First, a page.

No one knows exactly how many teenage girls that Lila Bjorklund has had a major role in rescuing from crime on the streets, abusive parents, drugs and alcohol, or just simply from their own self-destructive behavior.
Lila - as she insists on being called - doesn't really know the numbers herself because she is not the sort of person who keeps count of facts and figures. She is a mother and grandmother of the caliber who lets her heart lead the way when helping troubled young people.Founder and chairman of the board of trustees of the non-profit Utah Girls' Village, she has been actively involved answering the cries of young people.
Lila Bjorklund's trail to chairman of the board of trustees began one day when the eldest of her five children came home from elementary school and announced, "Mother, I told my teacher you would be a room mother."
"I looked down at him, and he seemed so proud," recalled the now-gray-haired grandmother of 16 and great-grandmother of two. "He just beamed."
Her service as a room mother led to other involvement in school and community functions. Now she has a five-page resume, but it only gives a glimpse of her contributions to her city, state and nation. Among other positions, she has been a state PTA president, a member of the state board of education, and has served on a number of state and national committees concerning children and youths. She also has served on a couple of general Church committees. Last year, she received BYU's Presidential Citation in recognition of her lifetime of service to the young and the needy.
She began working with troubled youths when she served on a committee for the Salt Lake Council of Women in the 1960s. As a member of that committee, she was assigned to Salt Lake's detention center and juvenile court.
She vividly remembers how upset she was the first time she visited the detention center and saw girls literally locked in. "I listened to those children, and I thought, `Oh, these are beautiful young girls, they shouldn't be in a place like this. They should be in church, in school. They should be having a good time, enjoying life and doing other good things. There is a time and a place for everything, and this certainly isn't the place for these girls. These are beautiful souls. They shouldn't be here."
Lila left the detention center, thinking someone should help those girls. She had no inkling she would be that "someone."
One day while she was ironing, a friend visited and said, "Lila, you must do something to help us get a home for these girls." Although she didn't know what she would do, or how, she banded with other women. They created Utah Girls' Village, a non-profit program based on the concept of placing troubled girls in a home atmosphere under the care of professionally trained couples.
In 1969, she became president and founder, both non-paid positions, of Utah Girls' Village, when the village was still only a concept. In 1975, the village opened the first of three group homes. Originally planned to house 12 girls, the homes now have seven girls each. All the village's residents today are placed in the homes by juvenile courts.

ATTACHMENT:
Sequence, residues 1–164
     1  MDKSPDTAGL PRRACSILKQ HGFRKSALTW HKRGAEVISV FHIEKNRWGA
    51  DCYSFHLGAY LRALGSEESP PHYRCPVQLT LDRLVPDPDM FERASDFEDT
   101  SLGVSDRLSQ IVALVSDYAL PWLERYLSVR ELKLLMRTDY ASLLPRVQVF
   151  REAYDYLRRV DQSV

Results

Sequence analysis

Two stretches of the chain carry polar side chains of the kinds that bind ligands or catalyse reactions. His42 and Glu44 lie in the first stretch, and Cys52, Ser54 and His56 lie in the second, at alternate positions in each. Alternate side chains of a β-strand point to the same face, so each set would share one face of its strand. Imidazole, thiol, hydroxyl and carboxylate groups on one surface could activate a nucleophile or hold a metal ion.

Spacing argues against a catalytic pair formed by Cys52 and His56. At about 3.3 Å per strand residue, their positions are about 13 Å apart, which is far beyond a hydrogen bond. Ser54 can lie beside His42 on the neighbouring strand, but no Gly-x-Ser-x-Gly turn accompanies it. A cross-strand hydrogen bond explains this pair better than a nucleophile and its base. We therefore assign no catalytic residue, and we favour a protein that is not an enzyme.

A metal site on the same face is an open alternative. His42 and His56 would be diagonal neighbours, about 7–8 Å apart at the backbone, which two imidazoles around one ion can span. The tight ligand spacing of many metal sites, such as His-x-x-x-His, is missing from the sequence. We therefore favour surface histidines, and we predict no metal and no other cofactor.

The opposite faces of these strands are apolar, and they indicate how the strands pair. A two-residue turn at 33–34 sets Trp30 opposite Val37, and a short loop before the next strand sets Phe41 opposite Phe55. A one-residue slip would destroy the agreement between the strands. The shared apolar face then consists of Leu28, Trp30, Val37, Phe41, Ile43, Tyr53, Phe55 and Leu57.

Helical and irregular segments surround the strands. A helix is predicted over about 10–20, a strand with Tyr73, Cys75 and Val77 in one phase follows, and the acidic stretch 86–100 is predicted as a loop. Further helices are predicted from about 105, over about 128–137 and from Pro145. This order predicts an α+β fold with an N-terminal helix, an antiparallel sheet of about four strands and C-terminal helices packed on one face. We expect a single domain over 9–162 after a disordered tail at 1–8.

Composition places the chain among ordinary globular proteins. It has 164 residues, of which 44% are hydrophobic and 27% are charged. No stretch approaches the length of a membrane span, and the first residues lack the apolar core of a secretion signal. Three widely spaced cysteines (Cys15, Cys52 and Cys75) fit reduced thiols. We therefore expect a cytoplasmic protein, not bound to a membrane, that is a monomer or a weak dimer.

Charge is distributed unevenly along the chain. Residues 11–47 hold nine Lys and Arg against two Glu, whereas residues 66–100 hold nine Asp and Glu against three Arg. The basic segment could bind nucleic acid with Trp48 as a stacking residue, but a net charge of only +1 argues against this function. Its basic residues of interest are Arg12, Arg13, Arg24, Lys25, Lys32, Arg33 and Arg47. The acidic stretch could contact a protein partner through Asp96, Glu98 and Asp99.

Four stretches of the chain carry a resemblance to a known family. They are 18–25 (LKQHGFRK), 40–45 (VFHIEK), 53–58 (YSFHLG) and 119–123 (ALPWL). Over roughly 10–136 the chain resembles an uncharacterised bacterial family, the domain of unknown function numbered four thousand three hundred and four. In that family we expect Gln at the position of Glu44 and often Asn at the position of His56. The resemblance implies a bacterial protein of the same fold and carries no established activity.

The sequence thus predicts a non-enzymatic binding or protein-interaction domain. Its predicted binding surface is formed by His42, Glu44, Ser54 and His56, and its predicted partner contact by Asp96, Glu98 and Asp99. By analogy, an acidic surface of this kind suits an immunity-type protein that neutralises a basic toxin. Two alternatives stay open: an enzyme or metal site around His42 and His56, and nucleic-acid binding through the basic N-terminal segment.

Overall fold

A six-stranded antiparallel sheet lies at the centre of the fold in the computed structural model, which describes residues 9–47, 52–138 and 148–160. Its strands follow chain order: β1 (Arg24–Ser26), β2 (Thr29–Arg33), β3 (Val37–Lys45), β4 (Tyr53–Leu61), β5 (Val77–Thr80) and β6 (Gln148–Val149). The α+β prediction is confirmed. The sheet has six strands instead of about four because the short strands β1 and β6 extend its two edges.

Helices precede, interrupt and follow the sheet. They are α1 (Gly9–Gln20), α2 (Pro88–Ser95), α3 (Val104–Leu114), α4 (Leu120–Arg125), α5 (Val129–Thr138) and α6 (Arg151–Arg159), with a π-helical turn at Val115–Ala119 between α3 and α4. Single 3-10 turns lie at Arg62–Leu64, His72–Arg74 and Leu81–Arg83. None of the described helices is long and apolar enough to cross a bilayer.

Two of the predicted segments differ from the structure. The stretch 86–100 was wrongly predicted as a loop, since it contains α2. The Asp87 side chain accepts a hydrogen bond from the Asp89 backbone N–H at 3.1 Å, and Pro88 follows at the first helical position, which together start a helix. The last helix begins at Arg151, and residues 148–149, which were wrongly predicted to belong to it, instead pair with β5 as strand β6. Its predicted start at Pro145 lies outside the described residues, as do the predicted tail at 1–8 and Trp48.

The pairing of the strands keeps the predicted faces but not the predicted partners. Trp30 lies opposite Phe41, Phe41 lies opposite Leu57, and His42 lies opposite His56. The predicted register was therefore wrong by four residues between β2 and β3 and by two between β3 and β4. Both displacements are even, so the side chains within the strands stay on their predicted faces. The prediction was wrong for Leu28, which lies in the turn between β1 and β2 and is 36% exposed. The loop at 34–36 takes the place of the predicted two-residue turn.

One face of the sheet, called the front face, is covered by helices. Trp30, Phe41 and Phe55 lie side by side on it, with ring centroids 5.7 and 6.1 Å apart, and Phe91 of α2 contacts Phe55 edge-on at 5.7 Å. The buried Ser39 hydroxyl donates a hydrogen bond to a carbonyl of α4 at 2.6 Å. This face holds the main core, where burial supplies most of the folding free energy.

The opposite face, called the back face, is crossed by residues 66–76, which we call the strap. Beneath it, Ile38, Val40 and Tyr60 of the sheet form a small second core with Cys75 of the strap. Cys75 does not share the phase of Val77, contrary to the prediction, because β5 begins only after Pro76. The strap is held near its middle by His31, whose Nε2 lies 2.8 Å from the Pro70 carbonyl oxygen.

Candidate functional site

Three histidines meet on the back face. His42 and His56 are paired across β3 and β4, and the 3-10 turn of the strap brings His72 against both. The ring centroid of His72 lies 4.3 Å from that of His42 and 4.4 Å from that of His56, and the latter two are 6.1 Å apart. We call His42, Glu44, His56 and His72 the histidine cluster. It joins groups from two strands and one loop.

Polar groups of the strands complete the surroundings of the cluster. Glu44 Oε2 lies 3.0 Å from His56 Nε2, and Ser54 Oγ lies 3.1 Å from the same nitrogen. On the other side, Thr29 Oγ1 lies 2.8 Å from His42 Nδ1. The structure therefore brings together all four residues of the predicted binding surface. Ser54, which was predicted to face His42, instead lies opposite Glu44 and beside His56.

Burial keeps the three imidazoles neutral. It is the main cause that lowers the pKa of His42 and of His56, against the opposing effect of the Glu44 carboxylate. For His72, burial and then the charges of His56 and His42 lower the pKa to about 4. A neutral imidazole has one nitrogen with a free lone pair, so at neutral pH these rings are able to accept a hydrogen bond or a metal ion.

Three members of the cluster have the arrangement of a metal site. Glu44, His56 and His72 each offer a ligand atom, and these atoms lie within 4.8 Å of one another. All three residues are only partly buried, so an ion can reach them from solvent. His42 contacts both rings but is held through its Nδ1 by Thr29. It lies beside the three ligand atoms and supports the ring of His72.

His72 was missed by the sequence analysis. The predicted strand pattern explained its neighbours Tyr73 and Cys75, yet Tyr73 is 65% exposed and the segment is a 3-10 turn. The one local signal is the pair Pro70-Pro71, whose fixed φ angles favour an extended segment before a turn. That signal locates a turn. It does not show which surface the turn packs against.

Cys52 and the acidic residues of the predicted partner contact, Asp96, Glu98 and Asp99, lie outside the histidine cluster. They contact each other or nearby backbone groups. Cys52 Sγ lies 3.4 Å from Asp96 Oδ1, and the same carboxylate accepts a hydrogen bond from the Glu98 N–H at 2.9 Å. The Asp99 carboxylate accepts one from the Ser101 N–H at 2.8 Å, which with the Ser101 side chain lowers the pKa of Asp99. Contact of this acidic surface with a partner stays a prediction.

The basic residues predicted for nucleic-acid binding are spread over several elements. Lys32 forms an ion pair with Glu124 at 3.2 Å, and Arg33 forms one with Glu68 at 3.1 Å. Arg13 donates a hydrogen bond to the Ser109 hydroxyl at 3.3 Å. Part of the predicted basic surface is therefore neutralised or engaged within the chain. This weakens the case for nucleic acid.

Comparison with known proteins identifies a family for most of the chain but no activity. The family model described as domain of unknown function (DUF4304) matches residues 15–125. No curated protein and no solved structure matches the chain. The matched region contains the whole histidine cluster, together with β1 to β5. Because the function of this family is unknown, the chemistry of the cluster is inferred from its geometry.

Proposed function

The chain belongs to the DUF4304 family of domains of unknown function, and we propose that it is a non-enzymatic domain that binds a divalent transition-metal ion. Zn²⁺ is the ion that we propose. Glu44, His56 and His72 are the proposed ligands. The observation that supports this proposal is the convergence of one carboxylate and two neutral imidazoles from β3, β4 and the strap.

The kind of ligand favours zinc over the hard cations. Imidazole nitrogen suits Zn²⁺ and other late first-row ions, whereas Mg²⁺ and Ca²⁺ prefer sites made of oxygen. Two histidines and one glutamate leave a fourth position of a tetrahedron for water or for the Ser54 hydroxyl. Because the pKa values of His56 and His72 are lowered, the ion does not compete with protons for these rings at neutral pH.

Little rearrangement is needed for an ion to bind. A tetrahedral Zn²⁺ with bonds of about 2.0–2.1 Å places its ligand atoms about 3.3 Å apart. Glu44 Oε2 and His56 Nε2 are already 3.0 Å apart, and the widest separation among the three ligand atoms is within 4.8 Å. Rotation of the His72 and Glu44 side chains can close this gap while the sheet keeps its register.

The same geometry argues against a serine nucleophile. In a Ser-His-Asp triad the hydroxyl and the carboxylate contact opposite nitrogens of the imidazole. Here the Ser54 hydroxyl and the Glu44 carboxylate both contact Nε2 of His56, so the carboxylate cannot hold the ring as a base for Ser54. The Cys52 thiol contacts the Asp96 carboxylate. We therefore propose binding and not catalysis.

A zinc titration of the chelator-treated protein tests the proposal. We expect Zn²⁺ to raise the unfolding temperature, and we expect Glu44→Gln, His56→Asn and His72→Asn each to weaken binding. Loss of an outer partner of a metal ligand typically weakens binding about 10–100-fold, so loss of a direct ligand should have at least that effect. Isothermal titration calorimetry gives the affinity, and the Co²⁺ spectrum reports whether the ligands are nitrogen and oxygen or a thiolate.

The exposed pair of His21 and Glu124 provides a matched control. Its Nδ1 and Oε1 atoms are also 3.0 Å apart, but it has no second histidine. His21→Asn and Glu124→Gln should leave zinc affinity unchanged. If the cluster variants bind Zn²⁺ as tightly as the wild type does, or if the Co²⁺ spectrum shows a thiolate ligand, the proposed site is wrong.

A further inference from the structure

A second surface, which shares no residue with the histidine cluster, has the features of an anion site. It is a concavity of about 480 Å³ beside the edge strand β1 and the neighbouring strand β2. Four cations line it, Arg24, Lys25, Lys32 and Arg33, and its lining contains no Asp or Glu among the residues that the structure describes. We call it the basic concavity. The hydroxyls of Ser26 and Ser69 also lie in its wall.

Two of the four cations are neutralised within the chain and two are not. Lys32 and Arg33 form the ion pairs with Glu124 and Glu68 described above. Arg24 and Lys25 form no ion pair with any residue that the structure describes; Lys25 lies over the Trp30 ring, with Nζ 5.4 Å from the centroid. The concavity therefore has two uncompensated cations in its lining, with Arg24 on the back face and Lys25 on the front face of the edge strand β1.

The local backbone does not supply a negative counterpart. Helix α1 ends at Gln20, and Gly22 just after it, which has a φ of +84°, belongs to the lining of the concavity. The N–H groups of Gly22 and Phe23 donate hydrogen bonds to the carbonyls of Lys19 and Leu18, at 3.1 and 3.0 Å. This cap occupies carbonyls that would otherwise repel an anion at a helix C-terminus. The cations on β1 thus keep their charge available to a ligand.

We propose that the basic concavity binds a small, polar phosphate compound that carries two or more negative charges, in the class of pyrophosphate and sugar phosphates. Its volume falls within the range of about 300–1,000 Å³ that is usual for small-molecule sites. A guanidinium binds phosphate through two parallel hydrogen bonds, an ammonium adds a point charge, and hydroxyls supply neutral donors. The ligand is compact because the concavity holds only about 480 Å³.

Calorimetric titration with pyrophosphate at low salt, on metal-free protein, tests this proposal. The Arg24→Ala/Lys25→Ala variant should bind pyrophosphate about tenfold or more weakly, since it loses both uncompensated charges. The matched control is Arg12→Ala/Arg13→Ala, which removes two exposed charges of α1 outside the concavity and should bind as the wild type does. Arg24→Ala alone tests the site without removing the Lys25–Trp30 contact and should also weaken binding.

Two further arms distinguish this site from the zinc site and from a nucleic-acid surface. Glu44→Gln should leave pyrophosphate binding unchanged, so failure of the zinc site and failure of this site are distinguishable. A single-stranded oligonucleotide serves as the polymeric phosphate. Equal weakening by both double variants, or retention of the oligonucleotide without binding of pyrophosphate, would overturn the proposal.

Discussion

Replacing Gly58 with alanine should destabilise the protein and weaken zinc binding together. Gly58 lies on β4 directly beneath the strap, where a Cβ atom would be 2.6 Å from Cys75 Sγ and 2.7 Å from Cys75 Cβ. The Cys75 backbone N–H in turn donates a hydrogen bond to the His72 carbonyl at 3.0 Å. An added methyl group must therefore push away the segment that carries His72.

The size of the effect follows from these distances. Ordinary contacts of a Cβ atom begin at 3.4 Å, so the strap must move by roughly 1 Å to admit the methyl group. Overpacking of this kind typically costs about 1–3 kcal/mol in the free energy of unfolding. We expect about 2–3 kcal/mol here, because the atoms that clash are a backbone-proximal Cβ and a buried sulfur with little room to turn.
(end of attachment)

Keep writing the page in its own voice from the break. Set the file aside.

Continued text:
Two of the homes are in the Salt Lake Valley's Kearns area; another is in Pleasant Grove, about 40 miles south of Salt Lake City. Utah Girls' Village also trains personnel and supervises a correctional home for boys, as well as trains for structured foster homes in Utah.
The board of directors of Girls' Village serve without pay. "I've never been paid for a full day's work in my life," she said. "My entire life always centered around home and family, and my husband the late Russell E. BjorklundT would never think of my working outside the home."
He supported and encouraged her to serve in the Church and on school, community and civic projects. "I kept hearing about programs to help boys, but I didn't hear of many to help girls," she said. "I've always felt that we need to be fair, that every child is special."
The desire to see children treated fairly is rooted in her own childhood in a loving and happy home in northern Utah.
Her father, Michael Burton, was killed in a shooting accident when she was 9. Although her mother, Alta Serepta Burton, was left as the sole support of four daughters and one son, she took in other children. "At one time, Mother had 14 children in her care," she said. "The wife of an uncle died, so Mother took in my little cousins. And other children also were brought to Mother to look after."
The dreadful day came when the widowed mother realized she could no longer manage to care for her own children and so many others. "She had to take my cousins to the orphanage," Lila recalled. "That just broke her heart; she grieved for a long time."
The Church helped round out young Lila's life. Always active, she found great security in the Church, and it was at a Church activity that she met Russell Bjorklund, who had returned from a mission to Sweden. They married in the Salt Lake Temple in 1936.
The Church was always in the background and foreground of their home and family life as she served in various ward and stake auxiliaries, and on general Church committees. She is now the single adult leader in the Salt Lake Ensign Stake.
She maintains an office at Girls' Village and makes frequent visits to the village's homes. The scene of her arrival is typical of what one might expect in any loving home: "Grandma" is surrounded by a cluster of young people, ages ranging from 12-17, all anxious to receive hugs and kisses. Then "Grandma" and "granddaughters" settle down to visit. With few lulls in conversation, she learns of their daily school activities and listens to their hopes and plans for the future.
And she listens with undivided attention, for these are among the hundreds of girls she has rescued and given a new chance in life.